reading control means, responsive to the particular element being not actuated even when a timing at which the particular element is to be actuated has come, the timing being represented by the time data corresponding to the event data read out by said data reading means, for stopping the data reading means from reading the remaining portion of the melody data until the particular element is actuated, and responsive to the particular element being actuated before the timing when the particular element is to be actuated, for causing the data reading means to rapidly read from the storage means a relevant portion of the melody data to be read in a time period between the time when the particular element was actuated and a time when the timing at which the particular element is to be actuated comes.
4. The melody performance training apparatus according to claim 3, wherein said storage means further contains as the melody data volume control event data for controlling a volume of a musical sound to be produced, and wherein said reading control means comprises volume control means, responsive to said data reading means reading the volume control event data in the time period between the time when the particular element was actuated and the time when the timing at which the particular element is to be actuated comes, for changing the contents of the read volume control event data so as to minimize a volume of the musical sound to be produced.
5. A recording medium which contains a computer readable program for causing a computer to perform a process which comprises the steps of:
sequentially reading a plurality of pairs of event data representing one of a plurality of elements to be actuated for performing a melody, and corresponding time data representing a timing when the element represented by the event data is to be actuated, the plurality of pairs of event data and corresponding time data composing melody data, from storage means which contains the melody data; and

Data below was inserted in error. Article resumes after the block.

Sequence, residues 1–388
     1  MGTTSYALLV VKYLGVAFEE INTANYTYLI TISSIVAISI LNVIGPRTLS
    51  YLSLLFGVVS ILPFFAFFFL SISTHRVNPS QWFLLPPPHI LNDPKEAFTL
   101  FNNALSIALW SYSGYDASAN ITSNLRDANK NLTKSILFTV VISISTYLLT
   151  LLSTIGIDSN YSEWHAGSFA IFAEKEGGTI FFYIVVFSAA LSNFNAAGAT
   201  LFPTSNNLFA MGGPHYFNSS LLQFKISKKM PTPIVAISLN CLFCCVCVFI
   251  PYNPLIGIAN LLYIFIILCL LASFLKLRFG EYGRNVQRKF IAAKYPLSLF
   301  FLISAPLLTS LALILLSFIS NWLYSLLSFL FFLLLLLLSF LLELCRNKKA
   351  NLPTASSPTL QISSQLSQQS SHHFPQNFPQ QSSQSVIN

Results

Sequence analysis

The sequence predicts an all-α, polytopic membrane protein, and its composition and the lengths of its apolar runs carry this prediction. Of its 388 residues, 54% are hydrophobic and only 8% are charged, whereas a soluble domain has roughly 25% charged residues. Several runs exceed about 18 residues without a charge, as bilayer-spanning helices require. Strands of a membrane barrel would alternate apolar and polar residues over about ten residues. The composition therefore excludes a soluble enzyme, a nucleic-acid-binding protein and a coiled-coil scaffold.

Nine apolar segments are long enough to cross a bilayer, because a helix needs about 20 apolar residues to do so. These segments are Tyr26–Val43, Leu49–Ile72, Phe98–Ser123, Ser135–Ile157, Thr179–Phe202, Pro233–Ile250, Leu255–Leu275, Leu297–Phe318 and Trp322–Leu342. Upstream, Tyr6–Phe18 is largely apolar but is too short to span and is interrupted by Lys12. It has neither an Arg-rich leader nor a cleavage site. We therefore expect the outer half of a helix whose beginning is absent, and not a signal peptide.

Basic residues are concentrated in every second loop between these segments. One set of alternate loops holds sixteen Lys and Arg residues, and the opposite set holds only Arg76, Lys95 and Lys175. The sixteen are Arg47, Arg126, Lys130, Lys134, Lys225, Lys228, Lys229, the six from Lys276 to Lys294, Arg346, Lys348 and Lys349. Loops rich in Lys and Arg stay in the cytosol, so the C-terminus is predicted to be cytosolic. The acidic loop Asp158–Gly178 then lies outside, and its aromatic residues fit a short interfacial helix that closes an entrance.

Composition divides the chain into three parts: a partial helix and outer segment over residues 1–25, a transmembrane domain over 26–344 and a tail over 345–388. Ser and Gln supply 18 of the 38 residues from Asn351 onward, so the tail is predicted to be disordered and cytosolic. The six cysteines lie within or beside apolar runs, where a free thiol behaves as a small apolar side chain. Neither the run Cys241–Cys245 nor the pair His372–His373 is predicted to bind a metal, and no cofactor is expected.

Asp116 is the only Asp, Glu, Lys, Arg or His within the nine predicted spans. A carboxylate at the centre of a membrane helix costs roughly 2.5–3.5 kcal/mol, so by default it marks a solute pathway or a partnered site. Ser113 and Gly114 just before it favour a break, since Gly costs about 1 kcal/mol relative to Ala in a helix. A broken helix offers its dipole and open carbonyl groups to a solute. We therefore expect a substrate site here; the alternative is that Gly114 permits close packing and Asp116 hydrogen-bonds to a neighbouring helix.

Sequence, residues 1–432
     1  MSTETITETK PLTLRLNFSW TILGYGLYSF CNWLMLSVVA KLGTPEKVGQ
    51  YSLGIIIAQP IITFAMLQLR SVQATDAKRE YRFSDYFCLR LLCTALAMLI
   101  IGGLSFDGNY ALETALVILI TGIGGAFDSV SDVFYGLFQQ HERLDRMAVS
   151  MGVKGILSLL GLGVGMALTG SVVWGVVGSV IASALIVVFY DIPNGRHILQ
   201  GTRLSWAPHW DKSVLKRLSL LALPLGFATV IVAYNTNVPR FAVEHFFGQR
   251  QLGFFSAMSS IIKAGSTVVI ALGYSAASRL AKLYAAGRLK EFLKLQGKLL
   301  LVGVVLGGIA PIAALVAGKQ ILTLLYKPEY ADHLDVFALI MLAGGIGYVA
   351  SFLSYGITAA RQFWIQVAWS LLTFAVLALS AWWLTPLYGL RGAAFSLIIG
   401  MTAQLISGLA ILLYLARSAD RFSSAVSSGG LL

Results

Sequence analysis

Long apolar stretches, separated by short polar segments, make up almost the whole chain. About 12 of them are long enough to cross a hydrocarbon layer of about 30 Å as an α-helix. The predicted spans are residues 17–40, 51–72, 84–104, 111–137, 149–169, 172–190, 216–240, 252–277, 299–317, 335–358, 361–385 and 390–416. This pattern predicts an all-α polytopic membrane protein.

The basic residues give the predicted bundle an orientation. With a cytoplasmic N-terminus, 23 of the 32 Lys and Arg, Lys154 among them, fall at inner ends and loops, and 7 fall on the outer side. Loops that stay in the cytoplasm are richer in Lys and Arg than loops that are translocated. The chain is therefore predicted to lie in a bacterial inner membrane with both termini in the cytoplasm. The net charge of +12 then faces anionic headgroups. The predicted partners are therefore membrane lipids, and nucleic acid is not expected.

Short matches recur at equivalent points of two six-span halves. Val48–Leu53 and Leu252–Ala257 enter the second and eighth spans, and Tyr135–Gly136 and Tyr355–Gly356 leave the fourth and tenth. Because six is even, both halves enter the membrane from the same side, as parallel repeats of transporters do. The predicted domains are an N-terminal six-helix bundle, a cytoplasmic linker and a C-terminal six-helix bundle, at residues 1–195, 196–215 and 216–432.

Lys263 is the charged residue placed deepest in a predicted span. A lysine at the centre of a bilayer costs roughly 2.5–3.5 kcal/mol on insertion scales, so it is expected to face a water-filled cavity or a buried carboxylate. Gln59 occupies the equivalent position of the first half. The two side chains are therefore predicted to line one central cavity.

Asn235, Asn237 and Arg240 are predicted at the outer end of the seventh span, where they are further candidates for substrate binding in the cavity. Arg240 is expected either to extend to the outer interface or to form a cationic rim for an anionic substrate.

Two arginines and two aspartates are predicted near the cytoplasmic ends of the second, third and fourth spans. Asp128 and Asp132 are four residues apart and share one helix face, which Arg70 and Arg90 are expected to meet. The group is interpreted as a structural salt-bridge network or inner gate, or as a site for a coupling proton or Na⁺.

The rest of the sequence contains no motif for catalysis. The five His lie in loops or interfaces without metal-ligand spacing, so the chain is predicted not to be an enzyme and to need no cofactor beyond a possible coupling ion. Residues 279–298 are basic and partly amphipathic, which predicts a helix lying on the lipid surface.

in response to a particular one of the plurality of elements represented by event data of one of the plurality of event data and corresponding time data read in the reading step being not actuated even when a timing at which the particular element is to be actuated has come, the timing being represented by the time data corresponding to the event data read out in the data reading step, stopping the reading step from reading the remaining portion of the melody data until the particular element is actuated, and in response to the particular element being actuated before the timing when the particular element is to be actuated, causing the reading step to rapidly read a relevant portion of the melody data to be read in a time period between the time when the particular element was actuated and the time when the timing at which the particular element is to be actuated comes.
6. The recording medium according to claim 5, wherein said storage means further contains as the melody data volume control event data for controlling a volume of the musical sound to be produced, and wherein the reading control step comprises a volume control step, responsive to said data reading step reading the volume control event data in the time period between the time when the particular element was actuated and the time when the timing at which the particular element is to be actuated comes, for changing the contents of the read volume control event data so as to minimize a volume of the musical sound to be produced.
7. A recording medium which contains a computer readable program for causing a computer to perform a process which comprises the steps of:
sequentially reading a plurality of pairs of event data representing one of a plurality of elements to be actuated for performing a melody, and corresponding time data representing a timing when the element represented by the event data is to be actuated, the plurality of pairs of event data and corresponding time data composing melody data, from storage means which contains the melody data;
in response to the data reading step reading event data of one of the plurality of pairs of event data and corresponding time data which represents a particular one of the plurality of elements to be actuated, specifying the particular element; and